UK drugs regulator opens doors to early access applications at cost of £33,000
The UK's drugs regulator said on Monday it has opened its doors to the first applications for "promising innovation" and subsequent "early access" to the market, at a cost of around £33,000.
The Medicines and Healthcare Products Regulatory Agency (MHRA) said in a statement it was ready to assess initial clinical data that shows a product might be suitable for a 'promising innovation medicine' (PIM) designation.
PIM designated products are those which might be candidates for early access, based on subsequent positive Phase II data. Products need to demonstrate an early indication of efficacy for conditions where there are no suitable alternative licensed treatments.
Once clinical data is available, companies will then submit a second application for early access and if successful, will be able to start treating patients before Phase III trials and the licensing procedure are completed.
MHRA chief executive Dr Ian Hudson said: "This is a significant step forward for the earlier availability of medicines in the UK and we look forward to receiving applications to the scheme."
Unlike in the U.S., the scheme will be paid for by industry and rates are the same for all companies regardless of their size or scope, from small research organisations to big pharma.
The cost of an initial PIM application is £4,027. Once a product has PIM status, it does not expire or need to be renewed - unlike the early access opinions.
A subsequent assessment of clinical data for an early access scientific opinion is £29,000 per indication. The opinion will be shared with healthcare professionals as guidance on how to prescribe the treatments, in the absence of any licence. However, it applies for one year only.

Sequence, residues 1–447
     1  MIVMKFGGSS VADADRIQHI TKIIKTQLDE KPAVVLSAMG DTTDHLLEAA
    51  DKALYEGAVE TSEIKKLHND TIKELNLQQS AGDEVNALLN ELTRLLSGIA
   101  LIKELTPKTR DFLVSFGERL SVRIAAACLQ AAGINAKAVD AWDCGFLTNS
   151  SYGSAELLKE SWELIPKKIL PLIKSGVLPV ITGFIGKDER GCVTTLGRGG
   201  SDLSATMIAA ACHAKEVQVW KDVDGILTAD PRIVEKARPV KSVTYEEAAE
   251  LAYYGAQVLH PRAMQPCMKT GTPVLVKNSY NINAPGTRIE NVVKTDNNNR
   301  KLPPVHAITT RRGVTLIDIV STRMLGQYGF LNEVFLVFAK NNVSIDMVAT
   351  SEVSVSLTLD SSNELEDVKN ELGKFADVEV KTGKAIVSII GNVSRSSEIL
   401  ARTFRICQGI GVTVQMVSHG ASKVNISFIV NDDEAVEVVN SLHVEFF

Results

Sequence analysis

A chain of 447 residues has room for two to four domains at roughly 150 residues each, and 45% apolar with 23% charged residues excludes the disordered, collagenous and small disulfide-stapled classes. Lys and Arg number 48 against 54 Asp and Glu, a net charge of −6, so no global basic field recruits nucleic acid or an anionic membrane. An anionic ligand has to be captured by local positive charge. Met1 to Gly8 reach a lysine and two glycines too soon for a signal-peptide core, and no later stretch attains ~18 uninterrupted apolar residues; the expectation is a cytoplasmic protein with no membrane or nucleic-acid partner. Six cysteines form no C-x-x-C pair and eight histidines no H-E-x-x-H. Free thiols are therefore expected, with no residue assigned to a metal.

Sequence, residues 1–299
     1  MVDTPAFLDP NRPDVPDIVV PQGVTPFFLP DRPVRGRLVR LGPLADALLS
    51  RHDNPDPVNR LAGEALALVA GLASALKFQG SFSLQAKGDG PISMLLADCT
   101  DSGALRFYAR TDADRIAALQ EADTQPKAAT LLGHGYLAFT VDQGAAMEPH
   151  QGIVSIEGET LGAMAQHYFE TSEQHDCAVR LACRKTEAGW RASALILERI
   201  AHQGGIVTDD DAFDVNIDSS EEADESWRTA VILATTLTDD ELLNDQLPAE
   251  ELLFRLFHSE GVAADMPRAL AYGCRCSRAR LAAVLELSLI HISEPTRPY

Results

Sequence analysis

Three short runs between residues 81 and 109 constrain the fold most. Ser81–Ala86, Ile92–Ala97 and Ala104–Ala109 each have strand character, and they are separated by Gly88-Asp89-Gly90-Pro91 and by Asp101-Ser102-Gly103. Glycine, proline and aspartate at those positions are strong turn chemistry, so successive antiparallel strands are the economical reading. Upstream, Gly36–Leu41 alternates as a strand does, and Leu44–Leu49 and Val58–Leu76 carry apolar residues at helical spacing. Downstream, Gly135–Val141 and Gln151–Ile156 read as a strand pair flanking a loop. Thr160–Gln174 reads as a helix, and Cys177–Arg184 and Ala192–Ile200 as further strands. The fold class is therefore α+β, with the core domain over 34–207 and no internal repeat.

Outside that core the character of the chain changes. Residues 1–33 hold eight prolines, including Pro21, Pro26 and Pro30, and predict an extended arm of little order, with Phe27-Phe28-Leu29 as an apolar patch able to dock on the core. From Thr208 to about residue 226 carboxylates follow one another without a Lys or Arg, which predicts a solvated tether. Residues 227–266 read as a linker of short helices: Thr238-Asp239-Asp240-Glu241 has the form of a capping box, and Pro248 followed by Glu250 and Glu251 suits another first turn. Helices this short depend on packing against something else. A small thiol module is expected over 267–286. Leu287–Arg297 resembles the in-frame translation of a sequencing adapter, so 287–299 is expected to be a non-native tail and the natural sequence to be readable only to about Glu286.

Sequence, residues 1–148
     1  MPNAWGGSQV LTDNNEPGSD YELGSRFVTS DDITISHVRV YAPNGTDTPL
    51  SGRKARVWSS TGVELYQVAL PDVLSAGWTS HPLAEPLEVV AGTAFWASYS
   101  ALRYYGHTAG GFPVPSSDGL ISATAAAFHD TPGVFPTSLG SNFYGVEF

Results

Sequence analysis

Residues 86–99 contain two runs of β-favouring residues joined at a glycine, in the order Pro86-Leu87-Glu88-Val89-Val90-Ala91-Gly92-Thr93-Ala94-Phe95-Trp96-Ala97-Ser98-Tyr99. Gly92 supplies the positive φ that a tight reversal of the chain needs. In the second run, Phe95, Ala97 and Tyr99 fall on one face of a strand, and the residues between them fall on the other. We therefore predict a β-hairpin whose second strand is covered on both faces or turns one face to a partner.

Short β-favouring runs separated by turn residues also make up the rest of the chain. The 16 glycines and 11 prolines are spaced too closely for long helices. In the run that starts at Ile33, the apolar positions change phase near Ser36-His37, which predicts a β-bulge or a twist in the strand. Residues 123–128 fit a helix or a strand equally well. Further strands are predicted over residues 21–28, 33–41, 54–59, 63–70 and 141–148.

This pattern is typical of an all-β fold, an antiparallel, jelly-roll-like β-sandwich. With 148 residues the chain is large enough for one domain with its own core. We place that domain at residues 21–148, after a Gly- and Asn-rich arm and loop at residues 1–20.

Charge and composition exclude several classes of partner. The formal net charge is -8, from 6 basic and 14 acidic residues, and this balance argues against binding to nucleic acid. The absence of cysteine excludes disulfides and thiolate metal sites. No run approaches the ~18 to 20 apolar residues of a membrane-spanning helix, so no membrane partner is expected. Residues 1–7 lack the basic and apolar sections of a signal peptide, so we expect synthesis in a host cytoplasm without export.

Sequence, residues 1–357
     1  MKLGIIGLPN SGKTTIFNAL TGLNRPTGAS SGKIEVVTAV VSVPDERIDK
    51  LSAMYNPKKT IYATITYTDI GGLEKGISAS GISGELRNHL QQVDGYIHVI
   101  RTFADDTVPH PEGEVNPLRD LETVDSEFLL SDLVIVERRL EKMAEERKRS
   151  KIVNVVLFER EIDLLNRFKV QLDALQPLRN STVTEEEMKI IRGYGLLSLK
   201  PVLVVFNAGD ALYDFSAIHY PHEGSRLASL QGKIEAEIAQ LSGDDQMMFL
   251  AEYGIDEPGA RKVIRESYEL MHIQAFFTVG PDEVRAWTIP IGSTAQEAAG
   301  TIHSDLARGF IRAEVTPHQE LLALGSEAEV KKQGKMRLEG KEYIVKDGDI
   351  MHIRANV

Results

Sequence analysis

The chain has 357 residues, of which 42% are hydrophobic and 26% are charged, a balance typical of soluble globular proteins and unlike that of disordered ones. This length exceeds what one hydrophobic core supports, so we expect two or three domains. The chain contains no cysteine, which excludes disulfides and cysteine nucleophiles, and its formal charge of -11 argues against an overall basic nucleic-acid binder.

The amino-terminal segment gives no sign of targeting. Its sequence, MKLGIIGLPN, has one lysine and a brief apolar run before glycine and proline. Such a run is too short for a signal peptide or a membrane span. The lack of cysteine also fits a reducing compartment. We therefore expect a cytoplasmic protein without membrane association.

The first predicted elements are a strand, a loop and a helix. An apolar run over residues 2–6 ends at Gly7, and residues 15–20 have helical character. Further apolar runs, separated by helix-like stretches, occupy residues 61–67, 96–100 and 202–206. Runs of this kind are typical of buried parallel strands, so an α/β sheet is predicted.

After a year, companies must renew early access scientific opinions at a cost of £14,500 - unless they receive a successful marketing authorisation.
For companies to submit data for a second indication for an experimental product the fee is £9,232 and subsequent renewal fees are £4,616.
The early access scheme means some products could reach patients almost 10 years earlier than via the existing process, however only if companies continue to pay the annual renewal fees.
While welcomed overall by industry the BioIndustry Association (BIA), which represents UK medical research-stage companies, has criticised the scheme for not being publicly funded as in the U.S.
When details of the scheme were announced last month, a spokesperson told APM: "Without the funding there is not much point in it."
The BIA has said it will help companies as much as possible to benefit from the scheme.